Sean Monahan, who had been out of the line-up for two games with what was described as a lower-body injury, scored a power-play goal and added an assist in Monday’s win. Monahan’s quick thinking and good hand-eye coordination allowed him to gather and put a loose puck past the Toronto goalie. That goal made the final score 3-0 for the Flames.
The goal was also Monahan’s first since Jan. 24. He’d been on a 12-game goal-scoring drought. Monahan also registered an assist on Sam Bennett’s goal during the first period. In total, on the season Monahan now has scored three goals and 11 assists (for 14 points) in the 17 games he’s played this season. Calgary’s new first line of Monahan, Bennett, and Johnny Gaudreau scored four points last night.
What’s Next for the Flames?
Since Bennett moved to the Flames’ top line and has skated with both Gaudreau and Monahan, two things have happened. First, the line has been good for both Bennett and the Flames. Second, it certainly slowed down trade rumors that would have moved Bennett to several other NHL suitors.
Flames’ fans have to be curious about whether Bennett’s desire to be traded still exists. Perhaps, Calgary is showcasing Bennett for a possible move. If that’s the case, he’s building the kind of reputation that would allow the Flames’ organization to receive a higher value than it would have received otherwise.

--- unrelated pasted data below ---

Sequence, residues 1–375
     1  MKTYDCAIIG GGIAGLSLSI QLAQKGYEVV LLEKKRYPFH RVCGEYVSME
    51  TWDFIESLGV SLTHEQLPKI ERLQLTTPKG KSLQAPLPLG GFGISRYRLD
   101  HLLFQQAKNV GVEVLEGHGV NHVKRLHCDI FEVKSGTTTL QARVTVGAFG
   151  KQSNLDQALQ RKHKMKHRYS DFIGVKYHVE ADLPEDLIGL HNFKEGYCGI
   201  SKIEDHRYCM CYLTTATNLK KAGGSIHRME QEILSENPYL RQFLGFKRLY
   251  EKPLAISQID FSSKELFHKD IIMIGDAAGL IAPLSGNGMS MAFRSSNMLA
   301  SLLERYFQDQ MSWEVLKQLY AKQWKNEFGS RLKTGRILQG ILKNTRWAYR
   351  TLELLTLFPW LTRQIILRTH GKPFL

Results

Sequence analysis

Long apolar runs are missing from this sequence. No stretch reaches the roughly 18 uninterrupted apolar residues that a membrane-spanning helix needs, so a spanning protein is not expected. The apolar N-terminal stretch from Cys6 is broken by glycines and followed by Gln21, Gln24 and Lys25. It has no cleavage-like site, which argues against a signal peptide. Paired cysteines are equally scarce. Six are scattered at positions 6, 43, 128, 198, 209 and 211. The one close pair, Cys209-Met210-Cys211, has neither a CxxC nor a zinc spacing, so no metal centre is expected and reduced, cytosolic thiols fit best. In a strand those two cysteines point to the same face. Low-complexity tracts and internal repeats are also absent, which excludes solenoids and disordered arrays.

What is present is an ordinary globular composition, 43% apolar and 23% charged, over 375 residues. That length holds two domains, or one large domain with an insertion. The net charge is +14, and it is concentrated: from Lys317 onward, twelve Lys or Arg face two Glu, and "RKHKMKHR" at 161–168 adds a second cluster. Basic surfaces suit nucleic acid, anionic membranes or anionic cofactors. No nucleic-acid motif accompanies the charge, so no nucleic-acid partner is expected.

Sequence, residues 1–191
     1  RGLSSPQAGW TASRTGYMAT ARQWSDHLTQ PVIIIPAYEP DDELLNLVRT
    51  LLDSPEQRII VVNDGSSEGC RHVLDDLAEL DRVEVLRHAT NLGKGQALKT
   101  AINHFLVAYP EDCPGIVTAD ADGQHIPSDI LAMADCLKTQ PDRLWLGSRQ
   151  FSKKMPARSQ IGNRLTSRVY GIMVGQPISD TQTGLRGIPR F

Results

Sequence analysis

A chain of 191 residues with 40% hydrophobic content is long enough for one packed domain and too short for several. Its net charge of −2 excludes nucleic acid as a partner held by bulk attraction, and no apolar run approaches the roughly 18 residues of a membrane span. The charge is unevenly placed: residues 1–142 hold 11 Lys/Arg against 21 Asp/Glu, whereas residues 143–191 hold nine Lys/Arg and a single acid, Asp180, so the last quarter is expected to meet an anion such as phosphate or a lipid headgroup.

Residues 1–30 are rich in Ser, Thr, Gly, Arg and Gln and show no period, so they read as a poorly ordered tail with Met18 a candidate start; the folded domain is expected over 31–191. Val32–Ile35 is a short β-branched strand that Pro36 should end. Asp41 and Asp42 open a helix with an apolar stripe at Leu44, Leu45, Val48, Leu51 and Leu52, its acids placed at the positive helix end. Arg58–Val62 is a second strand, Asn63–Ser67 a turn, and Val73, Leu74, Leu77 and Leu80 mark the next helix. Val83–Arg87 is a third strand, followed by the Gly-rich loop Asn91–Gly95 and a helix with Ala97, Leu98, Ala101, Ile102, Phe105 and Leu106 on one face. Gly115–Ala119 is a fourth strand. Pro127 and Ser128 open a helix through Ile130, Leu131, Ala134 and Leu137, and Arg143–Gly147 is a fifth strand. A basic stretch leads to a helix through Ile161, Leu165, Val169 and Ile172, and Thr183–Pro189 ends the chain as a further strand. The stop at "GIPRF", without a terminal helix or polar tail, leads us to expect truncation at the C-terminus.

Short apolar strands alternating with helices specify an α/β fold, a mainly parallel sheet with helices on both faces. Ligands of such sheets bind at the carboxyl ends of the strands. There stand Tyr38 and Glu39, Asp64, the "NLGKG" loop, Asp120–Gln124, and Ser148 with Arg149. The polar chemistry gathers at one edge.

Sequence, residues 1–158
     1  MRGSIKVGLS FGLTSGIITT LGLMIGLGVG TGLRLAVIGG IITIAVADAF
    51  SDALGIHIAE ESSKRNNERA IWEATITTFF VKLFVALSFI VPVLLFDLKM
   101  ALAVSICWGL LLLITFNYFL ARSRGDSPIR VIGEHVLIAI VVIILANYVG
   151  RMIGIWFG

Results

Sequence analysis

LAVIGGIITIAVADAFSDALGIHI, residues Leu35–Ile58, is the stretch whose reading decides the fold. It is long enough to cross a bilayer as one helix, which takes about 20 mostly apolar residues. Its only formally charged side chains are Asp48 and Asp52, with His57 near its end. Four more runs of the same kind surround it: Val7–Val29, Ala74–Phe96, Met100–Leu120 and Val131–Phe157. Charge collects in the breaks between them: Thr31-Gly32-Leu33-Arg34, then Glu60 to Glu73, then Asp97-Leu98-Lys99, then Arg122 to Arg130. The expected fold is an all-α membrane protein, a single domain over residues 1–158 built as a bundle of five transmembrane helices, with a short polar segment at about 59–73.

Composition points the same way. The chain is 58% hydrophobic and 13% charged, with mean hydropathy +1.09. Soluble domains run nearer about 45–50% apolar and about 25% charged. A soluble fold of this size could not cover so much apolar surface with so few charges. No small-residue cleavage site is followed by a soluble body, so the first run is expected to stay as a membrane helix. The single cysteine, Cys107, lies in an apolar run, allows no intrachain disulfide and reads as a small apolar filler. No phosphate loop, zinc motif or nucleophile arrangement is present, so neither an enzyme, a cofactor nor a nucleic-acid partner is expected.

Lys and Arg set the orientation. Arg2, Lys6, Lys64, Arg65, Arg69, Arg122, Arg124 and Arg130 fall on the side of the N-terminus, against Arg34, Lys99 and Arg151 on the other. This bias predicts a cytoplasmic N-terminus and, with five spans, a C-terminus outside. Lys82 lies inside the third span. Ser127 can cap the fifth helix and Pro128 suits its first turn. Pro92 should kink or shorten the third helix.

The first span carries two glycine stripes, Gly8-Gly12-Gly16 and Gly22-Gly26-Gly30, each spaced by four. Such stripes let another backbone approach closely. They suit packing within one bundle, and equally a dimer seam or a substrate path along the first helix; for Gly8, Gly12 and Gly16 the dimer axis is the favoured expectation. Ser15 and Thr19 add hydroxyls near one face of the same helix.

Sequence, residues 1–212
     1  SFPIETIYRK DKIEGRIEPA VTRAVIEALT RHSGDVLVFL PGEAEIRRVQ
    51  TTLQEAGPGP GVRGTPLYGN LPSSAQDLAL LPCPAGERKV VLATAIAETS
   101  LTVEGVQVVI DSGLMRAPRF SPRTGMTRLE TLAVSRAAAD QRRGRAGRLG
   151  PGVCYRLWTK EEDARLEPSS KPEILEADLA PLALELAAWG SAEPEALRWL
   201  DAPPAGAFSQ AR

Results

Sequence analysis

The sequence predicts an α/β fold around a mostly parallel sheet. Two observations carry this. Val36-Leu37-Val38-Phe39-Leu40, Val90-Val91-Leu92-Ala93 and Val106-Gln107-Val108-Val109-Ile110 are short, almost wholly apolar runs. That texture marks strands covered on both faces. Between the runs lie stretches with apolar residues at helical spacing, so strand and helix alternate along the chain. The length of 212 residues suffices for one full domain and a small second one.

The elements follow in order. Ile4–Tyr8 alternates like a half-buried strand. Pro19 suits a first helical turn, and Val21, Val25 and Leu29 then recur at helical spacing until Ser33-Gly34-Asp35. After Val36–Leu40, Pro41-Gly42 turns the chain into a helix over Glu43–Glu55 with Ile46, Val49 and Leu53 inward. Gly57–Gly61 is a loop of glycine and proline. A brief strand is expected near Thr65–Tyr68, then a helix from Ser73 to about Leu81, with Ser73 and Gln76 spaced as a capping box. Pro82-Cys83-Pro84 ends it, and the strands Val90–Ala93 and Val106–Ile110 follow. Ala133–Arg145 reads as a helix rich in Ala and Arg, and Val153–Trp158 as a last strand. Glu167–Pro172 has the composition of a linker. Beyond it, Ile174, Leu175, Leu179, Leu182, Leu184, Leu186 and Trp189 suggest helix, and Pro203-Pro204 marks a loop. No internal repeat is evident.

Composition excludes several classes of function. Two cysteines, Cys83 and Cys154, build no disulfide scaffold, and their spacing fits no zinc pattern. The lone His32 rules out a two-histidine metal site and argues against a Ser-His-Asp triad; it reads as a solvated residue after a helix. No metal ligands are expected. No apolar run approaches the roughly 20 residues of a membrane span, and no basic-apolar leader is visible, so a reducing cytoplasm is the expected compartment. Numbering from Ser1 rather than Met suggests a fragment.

The Old Prof (Jim Parsons, Sr.) taught for more than 40 years in the Faculty of Education at the University of Alberta. He’s a Canadian boy, who has two degrees from the University of Kentucky and a doctorate from the University of Texas. He is now retired on Vancouver Island, where he lives with his family. His hobbies include playing with his hockey cards and simply being a sports fan – hockey, the Toronto Raptors, and CFL football (thinks Ricky Ray personifies how a professional athlete should act).
If you wonder why he doesn’t use his real name, it’s because his son – who’s also Jim Parsons – wrote for The Hockey Writers first and asked Jim Sr. to use another name so readers wouldn’t confuse their work.
Because Jim Sr. had worked in China, he adopted the Mandarin word for teacher (老師). The first character lǎo (老) means “old,” and the second character shī (師) means “teacher.” The literal translation of lǎoshī is “old teacher.” That became his pen name. Today, other than writing for The Hockey Writers, he teaches graduate students research design at several Canadian universities.
He looks forward to sharing his insights about the Toronto Maple Leafs and about how sports engages life more fully. His Twitter address is https://twitter.com/TheOldProf